8

I've seen similar posts around about this but can't get Netbeans to just stop showing the error message "Unable to resolve identifier nullptr" all over my code when it's working fine. I have C++11 enabled properly, not sure what the problem is?

3 Answers 3

9

For Netbeans 7.4

In Project Properties:

Set "C Standard" to "C11" for the editor and "Additional Options" add "-std=c++0x" for the compiler

In my case, I had to close and reload the files and the error mark disappears.

Edit:

This is not a 100% working Solution, sorry.

3
  • awesome that worked without even reloading the files! thanks :D
    – Instinct
    Commented Mar 21, 2014 at 19:34
  • Today, I see it is not a solution for me. I think yesterday, I forgot to rebuild. Well, setting "C Standard" to "C11" also add a new parameter "-std=c++11" to the building process, which gcc 4.6 don't know.
    – testo
    Commented Mar 22, 2014 at 8:34
  • stackoverflow.com/questions/11921138/…
    – testo
    Commented Mar 22, 2014 at 8:36
1

I remember that there was a bug report filed in 2012 about this issue to the Netbeans developers (it should be solved right now).

Anyways try to set the GCC flag for the C++11 support to: -std=c++11, which can be done in Project Properties -> Build -> C++ Compiler -> Additional Options, unless that's what you have already done, then I got nothing.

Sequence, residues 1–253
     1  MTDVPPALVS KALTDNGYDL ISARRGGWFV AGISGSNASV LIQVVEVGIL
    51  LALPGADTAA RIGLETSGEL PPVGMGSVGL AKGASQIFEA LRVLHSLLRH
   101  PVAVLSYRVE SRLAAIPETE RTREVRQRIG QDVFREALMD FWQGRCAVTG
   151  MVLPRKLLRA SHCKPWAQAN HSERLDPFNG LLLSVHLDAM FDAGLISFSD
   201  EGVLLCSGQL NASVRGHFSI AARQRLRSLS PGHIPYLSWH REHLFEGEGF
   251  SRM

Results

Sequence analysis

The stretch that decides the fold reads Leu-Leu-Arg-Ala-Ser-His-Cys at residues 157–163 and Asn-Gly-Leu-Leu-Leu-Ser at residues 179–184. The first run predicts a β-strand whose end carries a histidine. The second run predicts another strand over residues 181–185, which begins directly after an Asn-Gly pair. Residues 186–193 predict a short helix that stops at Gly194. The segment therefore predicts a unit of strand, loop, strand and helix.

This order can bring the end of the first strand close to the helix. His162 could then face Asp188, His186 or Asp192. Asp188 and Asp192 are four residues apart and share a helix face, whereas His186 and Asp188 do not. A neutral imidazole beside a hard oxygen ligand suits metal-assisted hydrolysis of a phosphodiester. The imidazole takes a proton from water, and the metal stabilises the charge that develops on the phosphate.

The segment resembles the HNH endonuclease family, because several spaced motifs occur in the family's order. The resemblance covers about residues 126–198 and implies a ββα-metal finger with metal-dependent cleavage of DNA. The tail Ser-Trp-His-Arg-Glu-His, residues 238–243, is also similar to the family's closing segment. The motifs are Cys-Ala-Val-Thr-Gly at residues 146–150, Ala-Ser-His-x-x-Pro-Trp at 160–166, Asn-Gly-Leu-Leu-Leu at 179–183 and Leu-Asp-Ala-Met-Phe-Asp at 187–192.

2
  • Haha that's weird it was supposed to be fixed in 7.3 but still same error in 7.4? I am using -std=c++11 but netbeans is still mad =/ also using g++ 4.8.2 if that changes anything
    – Instinct
    Commented Mar 4, 2014 at 23:10
  • According to this you should be fine with g++ 4.8.2. I have no idea what might be wrong here, you might also try the __null extension - that was used when the nullptr was only an idea as an industry proposal. You might also want to check this(emulating nullptr under gcc). That's all I got.
    – imkort
    Commented Mar 4, 2014 at 23:37
-1

These solutions aren't working for me so I'm throwing in a #define nullptr nullptr which seems to do the trick.

Your Answer

By clicking “Post Your Answer”, you agree to our terms of service and acknowledge you have read our privacy policy.

Not the answer you're looking for? Browse other questions tagged or ask your own question.